What do these people know - and place value in - that we have forgotten or no longer care about?

Keith Cowing's Devon Island Journal 20 July 2003: Arctic Memorials and Starship Yearnings

"I asked Joe Amaraulik if anyone had ever figured out how long these structures would last. He said he wasn't sure if they had been dated but that there were some that had been in place for many centuries. As for how long this one, which we had just built, would last, Joe (a man of few, but well-chosen words) said "forever". In other words - the next ice age."

Keith Cowing's Devon Island Journal - 18 July 2007: Ancient Memorials for Modern Space Explorers

"I placed [Dick Scobee's] card in the container, sealed it up and placed it at the base of the inukshuk. Most of the Inuit kids remembered the loss of Columbia. None of them remembered the loss of Challenger since it had happened a decade or more before their birth. So, I explained each and every item to them - and passed the business card and lapel pin around for them to see."

NASA Haughton-Mars Project Space Shuttle Columbia Inukshuk Memorials

"It is our hope that the Columbia Inukshuks on Devon Island will help bring peace to all those who continue to miss these seven astronauts, and will help inspire and guide future generations of space explorers who will journey to the Moon, Mars and Beyond."

Challenger Center Board Member Richard Garriott, private space explorer, salutes Challenger Center from the International Space Station.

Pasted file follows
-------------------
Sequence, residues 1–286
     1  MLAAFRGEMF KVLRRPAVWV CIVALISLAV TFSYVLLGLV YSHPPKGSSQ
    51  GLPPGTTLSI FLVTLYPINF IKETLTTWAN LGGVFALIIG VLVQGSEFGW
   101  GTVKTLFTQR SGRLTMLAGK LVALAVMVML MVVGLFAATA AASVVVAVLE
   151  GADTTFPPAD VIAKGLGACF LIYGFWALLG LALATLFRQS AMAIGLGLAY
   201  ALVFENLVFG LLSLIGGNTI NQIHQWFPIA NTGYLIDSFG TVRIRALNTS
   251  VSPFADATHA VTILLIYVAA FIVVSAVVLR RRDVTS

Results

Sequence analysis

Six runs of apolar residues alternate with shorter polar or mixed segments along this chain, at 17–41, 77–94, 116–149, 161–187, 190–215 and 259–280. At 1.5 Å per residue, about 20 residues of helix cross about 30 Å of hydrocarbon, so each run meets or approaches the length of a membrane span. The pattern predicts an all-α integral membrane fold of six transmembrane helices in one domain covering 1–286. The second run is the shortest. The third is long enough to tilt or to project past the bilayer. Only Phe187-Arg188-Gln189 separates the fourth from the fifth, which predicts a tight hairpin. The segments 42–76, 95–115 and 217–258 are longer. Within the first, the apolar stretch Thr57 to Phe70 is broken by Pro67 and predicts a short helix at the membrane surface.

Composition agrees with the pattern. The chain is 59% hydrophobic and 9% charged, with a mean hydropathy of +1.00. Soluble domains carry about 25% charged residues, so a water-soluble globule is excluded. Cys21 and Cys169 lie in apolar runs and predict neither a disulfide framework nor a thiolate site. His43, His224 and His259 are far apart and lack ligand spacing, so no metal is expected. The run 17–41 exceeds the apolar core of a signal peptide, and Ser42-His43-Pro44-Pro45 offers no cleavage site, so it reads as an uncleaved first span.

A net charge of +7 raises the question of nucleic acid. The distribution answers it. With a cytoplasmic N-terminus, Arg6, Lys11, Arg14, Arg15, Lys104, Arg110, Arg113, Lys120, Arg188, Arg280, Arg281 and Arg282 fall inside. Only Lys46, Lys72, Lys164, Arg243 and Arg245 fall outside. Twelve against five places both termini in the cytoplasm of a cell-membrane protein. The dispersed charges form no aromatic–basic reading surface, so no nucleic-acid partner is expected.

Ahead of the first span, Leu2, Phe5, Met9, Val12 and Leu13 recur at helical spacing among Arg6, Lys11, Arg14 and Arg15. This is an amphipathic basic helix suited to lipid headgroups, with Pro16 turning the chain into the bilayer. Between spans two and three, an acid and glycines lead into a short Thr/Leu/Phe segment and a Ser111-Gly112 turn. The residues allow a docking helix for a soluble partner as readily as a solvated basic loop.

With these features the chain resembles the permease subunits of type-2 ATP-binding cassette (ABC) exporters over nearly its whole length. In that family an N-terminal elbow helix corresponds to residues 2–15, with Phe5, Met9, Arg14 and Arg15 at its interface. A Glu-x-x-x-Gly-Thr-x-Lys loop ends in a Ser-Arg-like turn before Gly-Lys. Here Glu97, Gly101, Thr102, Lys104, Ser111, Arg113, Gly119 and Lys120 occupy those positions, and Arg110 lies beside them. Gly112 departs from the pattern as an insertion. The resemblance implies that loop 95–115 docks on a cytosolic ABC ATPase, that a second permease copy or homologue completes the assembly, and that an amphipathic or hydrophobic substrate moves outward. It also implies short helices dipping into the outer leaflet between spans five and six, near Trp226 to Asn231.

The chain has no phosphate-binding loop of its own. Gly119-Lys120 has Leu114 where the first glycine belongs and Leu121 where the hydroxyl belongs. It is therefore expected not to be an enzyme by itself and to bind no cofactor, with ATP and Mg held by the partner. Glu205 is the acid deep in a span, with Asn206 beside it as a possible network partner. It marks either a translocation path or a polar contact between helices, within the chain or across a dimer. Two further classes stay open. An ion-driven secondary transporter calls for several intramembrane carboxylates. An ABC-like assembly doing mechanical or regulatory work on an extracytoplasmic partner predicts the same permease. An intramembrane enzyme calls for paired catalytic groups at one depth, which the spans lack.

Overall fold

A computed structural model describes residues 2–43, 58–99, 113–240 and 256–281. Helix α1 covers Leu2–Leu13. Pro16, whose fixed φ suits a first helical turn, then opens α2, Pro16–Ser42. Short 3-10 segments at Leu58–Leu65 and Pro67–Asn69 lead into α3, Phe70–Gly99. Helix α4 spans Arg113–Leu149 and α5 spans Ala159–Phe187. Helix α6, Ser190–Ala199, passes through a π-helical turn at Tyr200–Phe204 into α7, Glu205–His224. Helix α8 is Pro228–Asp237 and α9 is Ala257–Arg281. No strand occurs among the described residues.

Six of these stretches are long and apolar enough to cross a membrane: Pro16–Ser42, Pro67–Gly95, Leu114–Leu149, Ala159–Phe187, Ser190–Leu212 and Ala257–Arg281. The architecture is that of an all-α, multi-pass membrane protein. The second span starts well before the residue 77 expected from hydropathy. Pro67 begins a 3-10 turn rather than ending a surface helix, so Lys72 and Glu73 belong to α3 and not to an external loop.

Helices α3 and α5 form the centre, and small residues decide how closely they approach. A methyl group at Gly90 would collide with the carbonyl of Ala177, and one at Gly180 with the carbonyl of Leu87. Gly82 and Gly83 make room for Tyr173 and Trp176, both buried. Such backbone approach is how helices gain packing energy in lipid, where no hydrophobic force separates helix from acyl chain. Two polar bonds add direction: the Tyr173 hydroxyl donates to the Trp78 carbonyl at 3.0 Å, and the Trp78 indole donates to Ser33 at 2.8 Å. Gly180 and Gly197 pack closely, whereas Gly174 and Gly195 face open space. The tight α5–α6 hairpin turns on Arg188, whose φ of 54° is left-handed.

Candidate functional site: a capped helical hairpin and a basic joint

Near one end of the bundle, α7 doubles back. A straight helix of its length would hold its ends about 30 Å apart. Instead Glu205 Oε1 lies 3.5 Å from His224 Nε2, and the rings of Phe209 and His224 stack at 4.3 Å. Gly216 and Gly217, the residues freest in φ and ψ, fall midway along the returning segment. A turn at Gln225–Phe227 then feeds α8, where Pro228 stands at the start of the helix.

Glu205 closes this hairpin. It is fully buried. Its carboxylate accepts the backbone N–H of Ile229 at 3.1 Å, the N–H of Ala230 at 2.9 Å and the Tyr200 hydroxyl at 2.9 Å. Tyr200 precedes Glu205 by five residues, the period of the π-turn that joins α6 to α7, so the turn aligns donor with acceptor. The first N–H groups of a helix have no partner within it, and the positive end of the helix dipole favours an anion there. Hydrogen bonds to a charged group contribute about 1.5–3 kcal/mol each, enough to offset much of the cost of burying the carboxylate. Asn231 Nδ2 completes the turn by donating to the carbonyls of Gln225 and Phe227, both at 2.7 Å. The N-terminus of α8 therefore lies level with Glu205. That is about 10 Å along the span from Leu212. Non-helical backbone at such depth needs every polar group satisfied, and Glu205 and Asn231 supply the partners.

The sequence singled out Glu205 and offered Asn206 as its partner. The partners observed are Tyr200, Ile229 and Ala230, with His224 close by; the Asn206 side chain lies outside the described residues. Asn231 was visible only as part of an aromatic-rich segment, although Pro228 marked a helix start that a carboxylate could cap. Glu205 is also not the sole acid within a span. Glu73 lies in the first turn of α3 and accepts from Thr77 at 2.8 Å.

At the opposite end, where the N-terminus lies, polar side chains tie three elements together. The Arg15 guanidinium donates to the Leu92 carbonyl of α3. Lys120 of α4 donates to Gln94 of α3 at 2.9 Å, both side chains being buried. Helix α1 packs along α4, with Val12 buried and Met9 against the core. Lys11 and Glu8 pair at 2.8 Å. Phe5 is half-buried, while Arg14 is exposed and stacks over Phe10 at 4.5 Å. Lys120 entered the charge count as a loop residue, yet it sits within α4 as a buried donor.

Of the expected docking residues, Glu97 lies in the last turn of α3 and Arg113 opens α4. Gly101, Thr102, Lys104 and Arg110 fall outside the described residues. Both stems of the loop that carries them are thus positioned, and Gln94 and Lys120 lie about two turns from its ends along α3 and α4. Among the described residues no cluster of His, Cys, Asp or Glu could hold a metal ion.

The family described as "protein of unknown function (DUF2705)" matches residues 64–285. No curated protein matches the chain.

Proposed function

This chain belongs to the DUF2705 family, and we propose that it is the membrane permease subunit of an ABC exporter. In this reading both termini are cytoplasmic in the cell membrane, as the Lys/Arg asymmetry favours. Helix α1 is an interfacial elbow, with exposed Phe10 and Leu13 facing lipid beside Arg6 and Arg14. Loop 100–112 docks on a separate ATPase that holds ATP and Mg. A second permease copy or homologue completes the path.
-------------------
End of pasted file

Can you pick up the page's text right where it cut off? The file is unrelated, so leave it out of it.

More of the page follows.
Dr. June Scobee Rodgers, co-founder of Challenger Center for Space Science Education, talking to Students on 25th Anniversary of Challenger.

Astronaut Steve Bowen Named to STS-133 Shuttle Crew

"NASA selected astronaut Steve Bowen as a mission specialist on STS-133, the next space shuttle mission planned for launch on Feb. 24. Bowen replaces astronaut Tim Kopra, who was injured in a bicycle accident over the weekend. The agency will hold a media teleconference at 3:30 p.m. CST on Wednesday, Jan. 19, to discuss the change in crew personnel."

Space Program Runs in Congresswoman's Family, NY Times

"Mr. Cabbage said it was too early to say how Mark Kelly's scheduled Endeavour mission would be affected. The Kelly brothers were to have been the first twins to be in space together when Endeavour visited the space station, but the launching of Endeavour has slipped to April, a month after Scott Kelly's scheduled return to Earth."

Tragedy's impact extends to space, MSNBC

"Normal practice in military flying is to ground a pilot who is undergoing severe family crisis, for a reasonable time," NBC News space analyst James Oberg observed in an e-mail. "Add to that -- his wife now faces a long recovery, and his chances of being with her more than a few hours a week are slim to none, if he continues training. He could well request being replaced, perhaps by the commander of the STS-135 [Atlantis] mission that is to follow his flight. They could swap seats. Or he could figure he's had his fair share of flights and just stand down."

Keith's WARNING: Any comments about this tragedy that even hint at politics, motives, perpetrator(s) - in any way - will not be posted. Don't even try.

Keith's 2:00 pm note: Rep. Giffords' husband is Astronaut Mark Kelly, commander of the STS-134 crew. His brother Scott is on-orbit on the ISS as a member of the Expedition 26 crew. CNN, Fox, and NPR "confirmed" that she has died from her wounds. Now retracted.

Congresswoman, 6 Others, Killed By Gunman, NPR

"Rep. Gabrielle Giffords and six others died after a gunman opened fire at a public event on Saturday, the Pima County, Ariz., sheriff's office confirms."